David Bourget (Western Ontario)
David Chalmers (ANU, NYU)
Rafael De Clercq
Ezio Di Nucci
Jack Alan Reynolds
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Linguistics and Philosophy 34 (6):537-570 (2011)
Linguists often sharply distinguish the different modules that support linguistics competence, e.g., syntax, semantics, pragmatics. However, recent work has identified phenomena in syntax (polarity sensitivity) and pragmatics (implicatures), which seem to rely on semantic properties (monotonicity). We propose to investigate these phenomena and their connections as a window into the modularity of our linguistic knowledge. We conducted a series of experiments to gather the relevant syntactic, semantic and pragmatic judgments within a single paradigm. The comparison between these quantitative data leads us to four main results, (i) Our results support a departure from one element of the classical Gricean approach, thus helping to clarify and settle an empirical debate. This first outcome also confirms the soundness of the methodology, as the results align with standard contemporary accounts of scalar implicature (SI), (ii) We confirm that the formal semantic notion of monotonicity underlies negative polarity item (NPI) syntactic acceptability, but (iii) our results indicate that the notion needed is perceived monotonicity. We see results (ii) and (iii) as the main contribution of this study: (ii) provides an empirical interpretation and confirmation of one of the insights of the model-theoretic approach to semantics, while (iii) calls for an incremental, cognitive implementation of the current generalizations, (iv) Finally, our results do not indicate that the relationship between NPI acceptability and monotonicity is mediated by pragmatic features related to Sis: this tells against elegant attempts to unify polarity sensitivity and Sis (pioneered by Krifka and Chierchia). These results illustrate a new methodology for integrating theoretically rigorous work in formal semantics with an experimentally-grounded cognitively-oriented view of linguistic competence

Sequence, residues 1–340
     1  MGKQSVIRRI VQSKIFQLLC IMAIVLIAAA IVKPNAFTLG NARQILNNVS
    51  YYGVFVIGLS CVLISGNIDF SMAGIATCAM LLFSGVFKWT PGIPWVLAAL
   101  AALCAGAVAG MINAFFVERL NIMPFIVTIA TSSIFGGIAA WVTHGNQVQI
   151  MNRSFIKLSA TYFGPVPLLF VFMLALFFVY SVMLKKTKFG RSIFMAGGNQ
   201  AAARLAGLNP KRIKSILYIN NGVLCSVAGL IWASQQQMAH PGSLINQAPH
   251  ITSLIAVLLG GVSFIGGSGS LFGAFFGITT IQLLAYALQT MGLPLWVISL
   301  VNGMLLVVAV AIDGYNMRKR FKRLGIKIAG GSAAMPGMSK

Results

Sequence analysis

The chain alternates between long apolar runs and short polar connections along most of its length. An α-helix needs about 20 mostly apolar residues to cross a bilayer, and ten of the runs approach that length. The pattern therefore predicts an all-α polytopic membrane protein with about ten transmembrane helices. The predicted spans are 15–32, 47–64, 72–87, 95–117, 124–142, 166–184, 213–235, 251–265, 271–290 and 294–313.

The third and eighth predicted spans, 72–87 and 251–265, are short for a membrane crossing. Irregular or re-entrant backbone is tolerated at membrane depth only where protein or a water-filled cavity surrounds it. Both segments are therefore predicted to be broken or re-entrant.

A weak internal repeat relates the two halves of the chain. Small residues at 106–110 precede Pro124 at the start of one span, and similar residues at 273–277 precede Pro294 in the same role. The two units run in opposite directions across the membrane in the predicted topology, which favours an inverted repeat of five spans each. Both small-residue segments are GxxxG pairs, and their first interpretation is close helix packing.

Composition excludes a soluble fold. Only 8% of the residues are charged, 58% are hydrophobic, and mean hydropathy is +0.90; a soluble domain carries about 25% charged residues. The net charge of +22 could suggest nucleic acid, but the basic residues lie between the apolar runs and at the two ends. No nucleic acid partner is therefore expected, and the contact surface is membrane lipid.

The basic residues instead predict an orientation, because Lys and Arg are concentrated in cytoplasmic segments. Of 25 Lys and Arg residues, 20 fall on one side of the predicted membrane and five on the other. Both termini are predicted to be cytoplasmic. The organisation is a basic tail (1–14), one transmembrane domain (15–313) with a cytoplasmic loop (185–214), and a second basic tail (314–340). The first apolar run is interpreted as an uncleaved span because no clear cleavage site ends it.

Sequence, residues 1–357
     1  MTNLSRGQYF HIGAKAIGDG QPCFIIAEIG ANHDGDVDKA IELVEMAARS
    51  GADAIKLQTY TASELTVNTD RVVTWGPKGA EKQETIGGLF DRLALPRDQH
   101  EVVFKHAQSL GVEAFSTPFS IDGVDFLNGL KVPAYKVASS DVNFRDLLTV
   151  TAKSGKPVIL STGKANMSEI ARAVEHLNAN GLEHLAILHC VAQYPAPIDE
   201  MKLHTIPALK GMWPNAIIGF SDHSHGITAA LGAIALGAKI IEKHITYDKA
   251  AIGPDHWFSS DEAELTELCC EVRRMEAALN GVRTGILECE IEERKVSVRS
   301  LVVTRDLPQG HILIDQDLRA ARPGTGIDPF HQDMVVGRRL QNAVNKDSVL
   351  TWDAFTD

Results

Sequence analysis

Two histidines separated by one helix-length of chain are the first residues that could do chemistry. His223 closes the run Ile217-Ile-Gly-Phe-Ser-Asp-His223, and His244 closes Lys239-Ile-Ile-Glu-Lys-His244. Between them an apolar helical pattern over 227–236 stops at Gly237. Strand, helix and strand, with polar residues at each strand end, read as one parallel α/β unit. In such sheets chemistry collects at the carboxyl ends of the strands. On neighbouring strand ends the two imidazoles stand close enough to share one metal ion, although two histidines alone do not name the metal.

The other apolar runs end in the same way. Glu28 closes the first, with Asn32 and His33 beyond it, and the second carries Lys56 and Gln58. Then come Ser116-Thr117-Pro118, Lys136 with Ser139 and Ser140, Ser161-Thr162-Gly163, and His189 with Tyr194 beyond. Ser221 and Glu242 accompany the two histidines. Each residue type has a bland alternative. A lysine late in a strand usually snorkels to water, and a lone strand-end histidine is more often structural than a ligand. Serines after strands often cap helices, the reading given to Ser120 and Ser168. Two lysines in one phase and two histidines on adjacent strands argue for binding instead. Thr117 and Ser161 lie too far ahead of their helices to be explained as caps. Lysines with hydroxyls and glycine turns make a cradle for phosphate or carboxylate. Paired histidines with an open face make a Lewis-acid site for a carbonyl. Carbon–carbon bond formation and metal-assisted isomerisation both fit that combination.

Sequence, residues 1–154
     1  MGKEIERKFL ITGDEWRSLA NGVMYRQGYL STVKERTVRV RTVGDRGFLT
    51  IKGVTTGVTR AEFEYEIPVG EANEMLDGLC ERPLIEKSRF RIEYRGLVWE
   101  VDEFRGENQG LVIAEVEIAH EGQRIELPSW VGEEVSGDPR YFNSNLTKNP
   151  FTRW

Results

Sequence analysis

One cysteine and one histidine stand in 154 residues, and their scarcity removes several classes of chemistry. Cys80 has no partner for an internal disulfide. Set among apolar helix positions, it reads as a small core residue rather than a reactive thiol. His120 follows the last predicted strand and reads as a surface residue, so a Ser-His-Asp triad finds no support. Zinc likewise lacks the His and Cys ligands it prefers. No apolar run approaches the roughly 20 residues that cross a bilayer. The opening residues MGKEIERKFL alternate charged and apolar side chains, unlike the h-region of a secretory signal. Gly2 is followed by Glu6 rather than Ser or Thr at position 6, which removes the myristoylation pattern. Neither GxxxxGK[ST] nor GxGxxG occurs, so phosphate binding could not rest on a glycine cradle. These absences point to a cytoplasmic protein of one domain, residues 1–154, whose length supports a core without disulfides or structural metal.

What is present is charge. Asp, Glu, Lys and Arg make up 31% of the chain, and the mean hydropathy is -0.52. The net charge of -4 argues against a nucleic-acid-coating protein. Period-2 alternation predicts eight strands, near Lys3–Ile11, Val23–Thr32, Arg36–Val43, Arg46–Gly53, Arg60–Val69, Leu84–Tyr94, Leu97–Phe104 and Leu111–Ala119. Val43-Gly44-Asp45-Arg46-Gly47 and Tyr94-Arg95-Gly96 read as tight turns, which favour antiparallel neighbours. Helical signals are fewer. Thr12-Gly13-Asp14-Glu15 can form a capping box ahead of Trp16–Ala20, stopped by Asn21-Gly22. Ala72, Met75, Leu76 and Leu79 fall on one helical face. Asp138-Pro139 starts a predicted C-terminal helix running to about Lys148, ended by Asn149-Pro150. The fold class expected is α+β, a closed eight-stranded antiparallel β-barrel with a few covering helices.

|Keywords||Modularity Polarity Scalar implicatures Monotonicity Intuitions Experiment|
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References found in this work BETA
Stephen C. Levinson (2000). Presumptive Meanings: The Theory of Generalized Conversational Implicature. MIT Press.
Alfred Tarski (1944). The Semantic Conception of Truth: And the Foundations of Semantics. Philosophy and Phenomenological Research 4 (3):341-376.
Gennaro Chierchia & Danny Fox, The Grammatical View of Scalar Implicatures and the Relationship Between Semantics and Pragmatics.
Emmanuel Chemla (2009). Presuppositions of Quantified Sentences: Experimental Data. [REVIEW] Natural Language Semantics 17 (4):299-340.
Citations of this work BETA
Emmanuel Chemla, Paul Egré & Philippe Schlenker (2015). Predicting Moral Judgments From Causal Judgments. Philosophical Psychology 28 (1):21-48.
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